“No money was paid for these. The entire process was conducted with and by the Bermuda Police Service and Royal Bermuda Regiment, with full certification and all approvals.”
Mr Williams’s home in Fairylands, Pembroke, was raided by police in November last year.
Detective Superintendent Nicholas Pedro said at the time: “We are executing two warrants, one under the Firearms Act and another under the Police and Criminal Evidence Act, otherwise known as Pace, in relation to some ongoing investigations that we are conducting.”
He added that police were investigating “several matters” and that not all of them involved firearms.
Mr Williams said on Wednesday: “I was and I am always ready to co-operate with any reasonable requests regarding any issues and the actions of the BPS in this matter evidences a level of harassment and unreasonableness that could have been easily avoided if they had simply asked me about these show guns before raiding my home.
“I still remain co-operative, notwithstanding their actions.“
The BPS appealed for Mr Williams to return to Bermuda from the US “for interview in regards to an ongoing criminal investigation” in a press release at the end of last month.
The press release highlighted the warrant under the Firearms Act and said: “We are investigating several matters including firearms, corruption and crime-related matters.”
Mr Williams said then that firearms in his home “would be lawful under the Firearms Act or properly registered under the same legislation” and denied any wrongdoing in relation to any matter.
It is understood that two specialist detectives from Britain have been brought to Bermuda to help with the inquiry into Mr Williams.
Colonel Curley has been absent from Warwick Camp since October, but the reason has not been made public. He was first reported as being the subject of a police investigation on November 8.
The Royal Gazette also asked the regiment for records on Colonel Curley’s absence. The request was passed to Government House, which refused to release them on January 2.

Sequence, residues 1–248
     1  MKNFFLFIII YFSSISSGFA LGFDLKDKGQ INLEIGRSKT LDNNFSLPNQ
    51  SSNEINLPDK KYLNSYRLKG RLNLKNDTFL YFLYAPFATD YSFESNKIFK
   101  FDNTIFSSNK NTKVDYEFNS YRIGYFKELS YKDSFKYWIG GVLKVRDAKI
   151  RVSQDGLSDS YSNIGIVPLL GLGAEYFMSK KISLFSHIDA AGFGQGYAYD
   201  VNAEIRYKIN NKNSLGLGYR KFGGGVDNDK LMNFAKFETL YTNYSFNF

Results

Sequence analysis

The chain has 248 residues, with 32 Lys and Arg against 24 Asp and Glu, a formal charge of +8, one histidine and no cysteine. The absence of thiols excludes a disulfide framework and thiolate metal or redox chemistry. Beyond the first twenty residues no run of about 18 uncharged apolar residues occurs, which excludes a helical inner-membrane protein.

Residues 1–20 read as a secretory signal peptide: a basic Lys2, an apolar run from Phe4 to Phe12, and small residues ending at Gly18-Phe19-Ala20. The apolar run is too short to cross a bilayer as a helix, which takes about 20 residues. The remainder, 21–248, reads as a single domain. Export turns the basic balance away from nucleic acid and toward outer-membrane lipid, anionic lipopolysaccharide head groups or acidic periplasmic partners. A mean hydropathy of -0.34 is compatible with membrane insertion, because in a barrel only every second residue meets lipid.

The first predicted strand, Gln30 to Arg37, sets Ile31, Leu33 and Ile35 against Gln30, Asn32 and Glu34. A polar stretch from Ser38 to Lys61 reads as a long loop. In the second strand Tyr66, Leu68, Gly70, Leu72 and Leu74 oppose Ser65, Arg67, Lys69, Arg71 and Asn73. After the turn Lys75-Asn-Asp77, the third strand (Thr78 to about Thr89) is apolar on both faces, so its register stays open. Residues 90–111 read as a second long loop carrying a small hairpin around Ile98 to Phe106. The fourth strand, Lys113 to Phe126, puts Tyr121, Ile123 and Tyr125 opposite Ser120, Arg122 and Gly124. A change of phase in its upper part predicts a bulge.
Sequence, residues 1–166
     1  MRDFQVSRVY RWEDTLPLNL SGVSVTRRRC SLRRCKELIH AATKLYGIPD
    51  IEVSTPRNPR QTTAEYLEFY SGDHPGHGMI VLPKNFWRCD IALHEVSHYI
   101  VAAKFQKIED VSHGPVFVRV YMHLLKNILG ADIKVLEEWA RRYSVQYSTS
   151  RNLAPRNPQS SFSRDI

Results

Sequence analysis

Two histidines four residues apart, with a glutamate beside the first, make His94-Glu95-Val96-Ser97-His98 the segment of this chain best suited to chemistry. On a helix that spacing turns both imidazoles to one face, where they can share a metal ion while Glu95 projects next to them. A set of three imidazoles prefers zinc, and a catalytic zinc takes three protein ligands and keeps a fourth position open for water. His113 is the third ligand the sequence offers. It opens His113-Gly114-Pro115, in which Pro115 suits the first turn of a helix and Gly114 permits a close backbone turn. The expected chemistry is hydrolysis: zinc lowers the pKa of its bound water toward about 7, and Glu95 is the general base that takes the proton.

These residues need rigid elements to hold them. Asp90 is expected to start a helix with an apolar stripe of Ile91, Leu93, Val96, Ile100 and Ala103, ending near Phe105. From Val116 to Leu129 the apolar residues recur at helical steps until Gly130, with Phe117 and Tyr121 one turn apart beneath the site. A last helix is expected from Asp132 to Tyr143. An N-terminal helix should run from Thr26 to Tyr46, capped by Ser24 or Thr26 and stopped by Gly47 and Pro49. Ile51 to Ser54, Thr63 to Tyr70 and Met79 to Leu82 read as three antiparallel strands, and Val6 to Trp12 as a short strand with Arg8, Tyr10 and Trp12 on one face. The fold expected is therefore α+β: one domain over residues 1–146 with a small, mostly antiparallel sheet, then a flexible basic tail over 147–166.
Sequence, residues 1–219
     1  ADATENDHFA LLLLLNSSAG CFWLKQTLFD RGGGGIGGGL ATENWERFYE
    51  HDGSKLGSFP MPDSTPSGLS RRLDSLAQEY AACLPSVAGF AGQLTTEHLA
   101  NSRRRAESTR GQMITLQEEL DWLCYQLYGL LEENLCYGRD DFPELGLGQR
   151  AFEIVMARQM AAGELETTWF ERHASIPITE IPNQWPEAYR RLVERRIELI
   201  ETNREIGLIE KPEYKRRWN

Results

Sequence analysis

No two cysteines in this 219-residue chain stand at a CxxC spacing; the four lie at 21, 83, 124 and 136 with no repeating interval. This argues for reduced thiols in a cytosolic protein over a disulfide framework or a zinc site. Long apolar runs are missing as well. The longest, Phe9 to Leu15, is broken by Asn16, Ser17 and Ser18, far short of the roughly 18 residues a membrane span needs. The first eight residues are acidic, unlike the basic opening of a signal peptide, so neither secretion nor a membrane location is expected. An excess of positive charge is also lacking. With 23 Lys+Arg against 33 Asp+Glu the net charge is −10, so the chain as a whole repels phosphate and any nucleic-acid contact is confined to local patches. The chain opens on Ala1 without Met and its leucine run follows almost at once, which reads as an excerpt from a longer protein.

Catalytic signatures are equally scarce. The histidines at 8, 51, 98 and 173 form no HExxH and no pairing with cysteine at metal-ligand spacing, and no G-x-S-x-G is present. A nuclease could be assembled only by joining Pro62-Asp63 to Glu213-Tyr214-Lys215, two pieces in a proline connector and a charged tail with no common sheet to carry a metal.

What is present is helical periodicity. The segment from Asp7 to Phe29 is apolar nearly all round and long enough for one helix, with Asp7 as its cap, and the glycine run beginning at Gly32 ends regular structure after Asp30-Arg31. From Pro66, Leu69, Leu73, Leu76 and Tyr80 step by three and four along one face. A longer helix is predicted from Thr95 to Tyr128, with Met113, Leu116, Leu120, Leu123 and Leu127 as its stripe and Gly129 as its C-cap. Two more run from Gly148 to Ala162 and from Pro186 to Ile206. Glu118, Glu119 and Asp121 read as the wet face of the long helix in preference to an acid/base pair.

Alison Crocket, the Deputy Governor, wrote: “Your request has been denied, in part, as the majority of the records requested are exempt records, pursuant to section 34(1)(a) of the Public Access to Information Act.”
That section exempts records from Pati if their disclosure would or could be expected to “prejudice the prevention, detection or investigation of a breach or possible breach of the law”. The records could be released if disclosure was found to be in the public interest.
John Rankin, the Governor and the regiment’s Commander-in-Chief, declined to answer questions in November on Colonel Curley’s absence from his post.
A Government House spokesman said at the time: “There is a matter currently under investigation by the Bermuda Police Service. It would not be appropriate to comment on the details while that investigation is taking place.”
The only records released by Government House in response to Pati requests were e-mails from the media asking about Colonel Curley’s suspension.
Mr Williams’s law firm, Williams Barristers and Attorneys, formerly provided legal advice to the regiment.
He and Colonel Curley both served on the board of St John Ambulance and were awarded medals from the Governor in March 2016 for their voluntary service.
Colonel Curley could not be contacted for comment.
Commissioner of Police Stephen Corbishley said: “Given the matters referred to relate to an ongoing investigation, it is inappropriate at this stage to make comment.”
• To view the Royal Bermuda Regiment’s Pati request response and the Government House response, click on the PDF links under “Related Media”
• On occasion The Royal Gazette may decide to not allow comments on a story that we deem might inflame sensitivities. As we are legally liable for any libellous or defamatory comments made on our website, this move is for our protection as well as that of our readers.